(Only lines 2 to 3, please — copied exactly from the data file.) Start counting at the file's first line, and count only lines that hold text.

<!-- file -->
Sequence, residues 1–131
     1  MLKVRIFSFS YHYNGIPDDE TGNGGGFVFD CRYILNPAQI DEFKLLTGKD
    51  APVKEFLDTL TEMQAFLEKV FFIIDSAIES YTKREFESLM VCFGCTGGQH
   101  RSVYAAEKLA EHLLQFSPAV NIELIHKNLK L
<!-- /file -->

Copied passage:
     1  MLKVRIFSFS YHYNGIPDDE TGNGGGFVFD CRYILNPAQI DEFKLLTGKD
    51  APVKEFLDTL TEMQAFLEKV FFIIDSAIES YTKREFESLM VCFGCTGGQH